Private Networks allow connection to your network using the commonly open
    browser port 80, keeping your team from being cut off from your office by
    other people’s firewalls. If you want your team to securely access your
    network from home, clients’ offices or on the road, you should consider
    this technology. For some firewalls, it can be added as a software feature;
    for others, it is a separately purchased and maintained piece of hardware.
  • Commercial grade power over Ethernet (POE), segmenting, Virtual
    LAN (VLAN) switch
    — This sounds like a mouthful, but today’s
    switches need some features that you may not have purchased in the past.
    • POE — This feature supports Voice over IP (VoIP) phones and allows
      you to provide power to the phone handset, security cameras and wireless
      access points.
    • VLAN — Even for small networks, the ability to segment users
      of different departments or volumes of data can be easily accomplished
      with today’s VLAN switches.
    • Commercial grade — Like firewalls, we often see products that
      are sub-standard deployed in mission-critical positions. Many of the products
      are home grade, and even units that pretend to be business ready don’t
      have enough speed to handle the loads of busy networks. Suspect names
      include LinkSys, Dell and DLink. Switches without enough capacity are
      silent bottlenecks in your network.
  • Certified CAT 6a cable — The certification reports
    should be kept on file. We generally don’t recommend that you replace
    old network cables unless:
    • They are not certified, and a small test shows they won’t certify
    • You intend to stay in your office for at least two years.
    • You intend to run gigabit network speeds. CAT 6 cable is really the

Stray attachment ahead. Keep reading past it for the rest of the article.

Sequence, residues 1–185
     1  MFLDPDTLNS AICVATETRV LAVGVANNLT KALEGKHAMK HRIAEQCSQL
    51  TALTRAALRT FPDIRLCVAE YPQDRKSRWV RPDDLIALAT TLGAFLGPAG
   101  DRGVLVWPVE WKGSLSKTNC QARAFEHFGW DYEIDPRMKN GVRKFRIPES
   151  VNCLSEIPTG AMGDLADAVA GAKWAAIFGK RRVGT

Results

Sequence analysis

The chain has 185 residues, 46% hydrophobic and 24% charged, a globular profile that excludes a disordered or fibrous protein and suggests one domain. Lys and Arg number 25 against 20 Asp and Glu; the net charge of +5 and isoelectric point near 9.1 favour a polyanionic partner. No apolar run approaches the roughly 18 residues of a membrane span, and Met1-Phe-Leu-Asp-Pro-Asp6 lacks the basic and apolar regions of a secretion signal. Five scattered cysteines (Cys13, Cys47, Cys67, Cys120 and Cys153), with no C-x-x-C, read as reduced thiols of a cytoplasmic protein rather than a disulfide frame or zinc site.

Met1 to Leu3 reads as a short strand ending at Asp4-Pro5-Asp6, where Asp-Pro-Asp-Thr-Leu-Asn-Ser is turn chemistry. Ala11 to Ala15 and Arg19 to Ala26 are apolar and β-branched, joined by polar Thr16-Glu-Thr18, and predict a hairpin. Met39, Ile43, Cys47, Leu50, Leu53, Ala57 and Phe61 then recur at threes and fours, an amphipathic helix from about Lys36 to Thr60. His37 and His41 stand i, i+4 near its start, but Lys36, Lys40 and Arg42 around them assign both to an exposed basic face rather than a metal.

minimum cable that should be used for 1GB networks, and 1GB is our slowest
      recommendation for servers and workstations today. Watch for new standards
      such as CAT 6f or CAT7 that is intended to support 10GB networks. You
      can use CAT 5 and 5E cable that is certified, but you will again have
      a silent bottleneck on performance.
  • Wireless Access Points — Wireless access points
    need to have the following capabilities. They should:
    • Support the new N technology as soon as it is approved as a standard.
      We are discontinuing our prior recommendations for 802.11 b/a/g wireless
    • Be able to be configured for both private access inside the firewall
      and public access outside the firewall.
    • Be firmware upgradeable — security flaws are frequently found
      and need fixed.

As previously noted, this is only part of the checklist to evaluate to ensure
that your infrastructure is done right. Next month’s column will continue
with the following areas: Servers, Workstations, Input/Output, and other items
to consider to complete the picture.

Each of these items could easily take hours to explain, and I understand that
you may not have as much detail as you would like. However, my chief concerns
are as follows: 1) that you’re buying sub-standard products to achieve
false economy or because of lack of knowledge; 2) that you’re selecting
a solution in every category where you have a need; and 3) that you are preparing
your network infrastructure for the major overhaul to come if you are going
to transition to Windows Server 2008, Windows Vista and to a lesser degree Office
2007. Other applications are going to add additional requirements to your infrastructure.
Prepare your infrastructure now to be ready for the changes in 2008.